Italian firm Indiana Production, German outfit SquareOne Productions and French company SND (Groupe M6) have revealed details about their Italian-language mafia series L’Ora (Ink Against Bullets).
The 10-part returning mafia origin series is inspired by the real-life investigative endeavors of the Sicilian newspaper of the same name.
The series is directed by Piero Messina, best known for Netflix Original series Suburra, Ciro d’Emilio and Stefano Lorenzi. Currently in post-production, completion is scheduled for Q2, 2021. SND and SquareOne handle international rights.
The series will chart how in October 1958, the Sicilian newspaper L’Ora denounced the mafia and its endemic organized crime in the region. Shortly after, a bomb detonated in front of the editorial offices; only two days later the daily reappeared with the headline: ‘The Mafia may threaten us, our investigation continues.’
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Inspired by those events, the series takes place in Palermo of the late 1950s and early 1960s and will follow how a newly minted editor in chief with his group of fearless journalists focus their investigation on organized crime and its reach into every corner of society.
Ezio Abbate (Netflix original series Curon), Claudio Fava (One Hundred Steps) and Riccardo Degni penned the story. Cast includes Claudio Santamaria (They Called him Jeeg Robot), Silvia d’Amico (The Place), Bruno Di Chiara (The Hunter), Maurizio Lombardi (The Young Pope), Francesco Colella (ZeroZeroZero) and Selene Caramazza.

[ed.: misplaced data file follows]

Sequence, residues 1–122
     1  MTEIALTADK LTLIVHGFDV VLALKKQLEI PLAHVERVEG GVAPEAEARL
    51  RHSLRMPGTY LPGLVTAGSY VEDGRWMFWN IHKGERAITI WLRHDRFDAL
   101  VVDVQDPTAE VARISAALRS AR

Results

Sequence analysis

The series was developed by Indiana Production for RTI/Mediaset Group with SND (Groupe M6) and SquareOne co-producing. Fabrizio Donvito, Benedetto Habib, Daniel Campos Pavoncelli and Marco Cohen are producers for Indiana with Al Munteanu and Thierry Desmichelle co-producers for SquareOne and SND (Groupe M6), respectively.
“This is an uncannily timely series,” said Fabrizio Donvito, producer for Indiana. “As we follow the epic story of a courageous group of journalists, who go head to head with a societal phenomenon, the reach of which they tragically underestimate.”
Al Munteanu, CEO of SquareOne, added: “The newspaper enjoyed its golden years in the late 50s and 60´s. In this era it published countless investigative reports – the price of this civic engagement was colossal. In this sense, this series speaks to today’s audience in an unprecedented manner, as we once again realize that free press is the cornerstone of accountability and truth.”
Charlotte Boucon, head of international at SND, stated: “We are thrilled to bring this extraordinary series to an international audience. Think Spotlight meets Gomorrah. It is an inspirational story served by wonderful talent in front and behind the camera. Its timely topics such as the fight for justice and the responsibility of the media seem to resonate as much today as it did 60 years ago…”
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